The constitution establishes “freedom of the press,” meaning that journalists have the right to report and disseminate information without government censorship. And in the age of social media, where anyone can disseminate information to a mass audience, civil liberty encompasses more than traditional journalists for television networks or newspapers. For example, if you`re a social justice advocate tweeting a live public rally, no one can stop you. Any form of government interference would also violate the First Amendment clause that prohibits the government from “restricting free speech.” However, if you believe, intentionally or unintentionally, that a group has blocked your access to public discussions, you can take legal action in district court. With the help of lawyers, you would use state laws and jurisprudence to explain how or to what extent the company ignored transparency requirements. And since many Minnesota government agencies videotape their sessions, whether open or not, you can use these images as evidence to support your case. Various state laws, including the Public Meetings Act, require public institutions to publish their meeting schedules and document what happens when they meet. MinnPost Photo by Peter Callaghan, the state court of appeals ruled in 1988 that the open meeting regulations did not belong to a specific advisory committee set up by the University of Minnesota board of trustees to help choose a new president. But especially in the case of the Upper Port Terminal Planning Committee, the rules are clear. A number of bylaws govern the group, which the Minneapolis City Council created last spring to increase public input to the massive redevelopment project. And the guidelines explicitly state that committee meetings “shall be open to the public, subject to the requirements of the Minnesota Open Meeting Act.” In Walker`s experience, people who violate Minnesota`s open session law generally don`t have the wrong motivations.

For example, some groups try to block public access because they want to protect the privacy of job applicants. “They come from a good place,” she said. “[There is] a lack of understanding. In addition, the state`s Recordings Act allows anyone to record and share audio recordings of conversations — whether in person or over the phone — with the consent of at least one member of the conversation. This means that the person making the recording, who could be a journalist, can act as an affirmative party and legally record public gatherings without the consent of another person. First, make sure the law applies to the meeting you want to attend. This means that public bodies must give everyone access to files, documents, PowerPoint presentations, spreadsheets or other documents that groups use at public meetings, unless the data contains sensitive or classified data. Entities must also document their decisions and votes. But given my experience as a local MinnPost government reporter at the Upper Harbor terminal meeting — where the heads of the Upper Harbor collaborative planning committee called on me and another reporter to stop our work — and countless other confrontations between Minnesota officials and media, it`s clear that government groups sometimes test access laws. If or when you feel you need to assert your rights as I did, here`s a guide to help you: Fact: There is no remedy in the OML that overrides or annuls acts or decisions of a public entity made during an illegal assembly.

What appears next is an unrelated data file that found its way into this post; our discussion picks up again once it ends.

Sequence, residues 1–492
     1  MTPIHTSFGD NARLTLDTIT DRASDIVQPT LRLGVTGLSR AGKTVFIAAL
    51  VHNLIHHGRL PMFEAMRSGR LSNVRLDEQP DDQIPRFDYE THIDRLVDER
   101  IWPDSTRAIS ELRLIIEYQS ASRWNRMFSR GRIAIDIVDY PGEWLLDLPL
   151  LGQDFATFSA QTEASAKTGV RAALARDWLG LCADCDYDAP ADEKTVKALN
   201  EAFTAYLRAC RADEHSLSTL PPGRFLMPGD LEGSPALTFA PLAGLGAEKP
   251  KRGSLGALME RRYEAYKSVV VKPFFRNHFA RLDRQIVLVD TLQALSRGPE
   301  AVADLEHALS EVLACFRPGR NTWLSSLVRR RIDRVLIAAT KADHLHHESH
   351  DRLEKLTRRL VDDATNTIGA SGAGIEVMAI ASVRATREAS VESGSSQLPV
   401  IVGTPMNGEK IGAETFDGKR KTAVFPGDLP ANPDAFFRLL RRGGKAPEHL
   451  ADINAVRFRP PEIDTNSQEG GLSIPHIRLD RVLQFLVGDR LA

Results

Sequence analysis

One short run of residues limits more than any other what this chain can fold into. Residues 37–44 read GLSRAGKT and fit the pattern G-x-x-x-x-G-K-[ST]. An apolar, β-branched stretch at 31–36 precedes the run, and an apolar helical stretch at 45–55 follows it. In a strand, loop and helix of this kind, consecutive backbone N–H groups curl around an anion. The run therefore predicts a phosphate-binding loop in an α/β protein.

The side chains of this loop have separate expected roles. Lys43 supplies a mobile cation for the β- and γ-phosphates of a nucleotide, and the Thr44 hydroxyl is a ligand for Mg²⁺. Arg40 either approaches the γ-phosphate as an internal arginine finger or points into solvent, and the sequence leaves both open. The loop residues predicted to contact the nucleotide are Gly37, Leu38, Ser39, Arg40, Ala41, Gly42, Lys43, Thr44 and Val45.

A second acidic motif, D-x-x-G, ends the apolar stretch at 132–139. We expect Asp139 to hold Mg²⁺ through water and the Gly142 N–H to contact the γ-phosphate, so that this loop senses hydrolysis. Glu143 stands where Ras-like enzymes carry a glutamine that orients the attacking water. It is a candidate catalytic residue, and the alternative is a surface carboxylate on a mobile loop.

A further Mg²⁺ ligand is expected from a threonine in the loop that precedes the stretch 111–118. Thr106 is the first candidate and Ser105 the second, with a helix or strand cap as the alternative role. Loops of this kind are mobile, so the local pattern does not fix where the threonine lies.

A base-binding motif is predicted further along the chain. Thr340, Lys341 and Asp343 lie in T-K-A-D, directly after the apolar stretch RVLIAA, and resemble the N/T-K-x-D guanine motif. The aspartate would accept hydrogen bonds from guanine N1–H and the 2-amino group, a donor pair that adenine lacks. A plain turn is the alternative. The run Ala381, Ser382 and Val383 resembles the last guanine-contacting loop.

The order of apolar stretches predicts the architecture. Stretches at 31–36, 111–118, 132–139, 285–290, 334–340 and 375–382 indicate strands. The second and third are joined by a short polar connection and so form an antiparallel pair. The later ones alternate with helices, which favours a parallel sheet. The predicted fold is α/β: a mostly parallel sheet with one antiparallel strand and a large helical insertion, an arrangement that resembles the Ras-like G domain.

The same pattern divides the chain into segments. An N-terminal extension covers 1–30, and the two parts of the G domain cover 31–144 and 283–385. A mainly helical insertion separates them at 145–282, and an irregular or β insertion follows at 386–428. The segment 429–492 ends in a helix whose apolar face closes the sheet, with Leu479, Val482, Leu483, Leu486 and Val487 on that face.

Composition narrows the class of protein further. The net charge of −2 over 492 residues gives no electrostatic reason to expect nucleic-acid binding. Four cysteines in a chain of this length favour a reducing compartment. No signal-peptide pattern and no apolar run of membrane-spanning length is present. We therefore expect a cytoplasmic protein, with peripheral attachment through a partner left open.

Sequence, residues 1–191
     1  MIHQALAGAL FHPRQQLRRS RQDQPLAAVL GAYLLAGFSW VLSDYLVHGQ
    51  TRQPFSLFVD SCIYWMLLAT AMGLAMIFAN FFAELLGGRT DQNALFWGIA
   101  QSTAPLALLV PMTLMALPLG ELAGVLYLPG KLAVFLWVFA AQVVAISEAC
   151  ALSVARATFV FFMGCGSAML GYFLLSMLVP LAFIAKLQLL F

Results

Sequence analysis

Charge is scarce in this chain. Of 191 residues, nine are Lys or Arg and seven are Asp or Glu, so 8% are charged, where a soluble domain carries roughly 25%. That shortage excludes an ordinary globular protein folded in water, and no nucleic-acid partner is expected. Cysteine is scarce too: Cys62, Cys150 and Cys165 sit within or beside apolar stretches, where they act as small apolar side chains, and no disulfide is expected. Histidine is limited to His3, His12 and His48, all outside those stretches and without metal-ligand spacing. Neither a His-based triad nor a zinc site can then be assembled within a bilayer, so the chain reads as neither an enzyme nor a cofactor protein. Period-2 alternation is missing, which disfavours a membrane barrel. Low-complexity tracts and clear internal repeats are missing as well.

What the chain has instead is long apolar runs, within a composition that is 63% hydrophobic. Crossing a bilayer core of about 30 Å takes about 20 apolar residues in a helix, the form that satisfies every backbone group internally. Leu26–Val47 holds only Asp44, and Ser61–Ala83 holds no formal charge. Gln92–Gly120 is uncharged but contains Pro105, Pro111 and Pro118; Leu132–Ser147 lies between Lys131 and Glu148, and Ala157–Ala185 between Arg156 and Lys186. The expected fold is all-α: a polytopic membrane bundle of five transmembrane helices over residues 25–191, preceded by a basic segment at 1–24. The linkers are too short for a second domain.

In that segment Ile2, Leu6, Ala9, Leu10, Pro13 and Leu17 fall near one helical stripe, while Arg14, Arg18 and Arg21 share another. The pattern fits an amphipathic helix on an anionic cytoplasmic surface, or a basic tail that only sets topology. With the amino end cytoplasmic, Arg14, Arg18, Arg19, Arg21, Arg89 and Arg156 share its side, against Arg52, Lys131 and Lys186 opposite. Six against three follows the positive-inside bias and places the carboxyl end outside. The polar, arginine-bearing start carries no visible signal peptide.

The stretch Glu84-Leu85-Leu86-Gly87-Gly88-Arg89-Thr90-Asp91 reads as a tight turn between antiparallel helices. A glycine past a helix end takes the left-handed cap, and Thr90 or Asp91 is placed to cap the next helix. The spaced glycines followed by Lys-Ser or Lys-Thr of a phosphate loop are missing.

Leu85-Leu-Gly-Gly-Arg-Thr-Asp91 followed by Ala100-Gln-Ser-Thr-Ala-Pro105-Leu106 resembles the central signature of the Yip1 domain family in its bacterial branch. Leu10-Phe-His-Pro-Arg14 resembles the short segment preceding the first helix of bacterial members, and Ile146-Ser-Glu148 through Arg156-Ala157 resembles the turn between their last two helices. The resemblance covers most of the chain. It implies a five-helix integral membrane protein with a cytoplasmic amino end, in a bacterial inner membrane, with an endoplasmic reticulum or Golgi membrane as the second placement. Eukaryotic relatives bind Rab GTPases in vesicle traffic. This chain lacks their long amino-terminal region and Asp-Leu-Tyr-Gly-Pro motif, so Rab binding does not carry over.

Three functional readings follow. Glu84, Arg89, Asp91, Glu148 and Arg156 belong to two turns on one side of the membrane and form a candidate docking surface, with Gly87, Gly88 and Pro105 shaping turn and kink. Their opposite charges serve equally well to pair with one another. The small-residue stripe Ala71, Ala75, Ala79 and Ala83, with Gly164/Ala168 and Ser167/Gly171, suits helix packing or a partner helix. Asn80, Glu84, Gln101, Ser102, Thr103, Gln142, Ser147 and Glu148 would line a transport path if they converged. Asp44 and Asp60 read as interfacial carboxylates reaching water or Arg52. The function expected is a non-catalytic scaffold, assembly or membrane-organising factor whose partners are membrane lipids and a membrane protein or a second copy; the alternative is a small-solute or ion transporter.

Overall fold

Penalties for violating the OML are court-imposed fines and, in some cases, loss of function. In addition, no government agency investigates violations of the OML or enforces the law. All executions must be carried out through the judicial system. In other words, if a local elected body, school board, government agency or government-appointed citizens` group organizes the meeting, the law probably applies to them. “We want government officials to do business. in an open manner,” said attorney Leita Walker, who has represented local media outlets including MinnPost. “When people think they`re behind closed doors, they say things. in a way they wouldn`t say publicly. Fact: The MLO requires the Board to establish a schedule of regular meetings and to keep it at its main offices. If the committee changes the time or location from the regular meeting schedule, this must be announced in advance. Leita WalkerBut there are some exceptions to the law. Government-sponsored groups can meet privately if they want to discuss open law enforcement investigations; Employment contracts; ongoing litigation; classified or sensitive information (including the identity of certain victims of crime); and the performance of a government employee, among other scenarios.

But here you could cross the line; Minnesota law does not guarantee the public the right to express themselves at all public meetings. Assembly organizers may allow the public to comment on a case-by-case basis and, where they do, they establish their own rules, including the maximum length of time speakers may testify. In addition to face-to-face meetings, the Open Meeting Act applies to videoconferences or conference calls involving members of government agencies. And threads between members that involve discussions or votes can also be considered “virtual meetings” that violate transparency requirements, according to the Ministry of State Administration, which issues opinions on the law that are not binding but carry weight in court proceedings.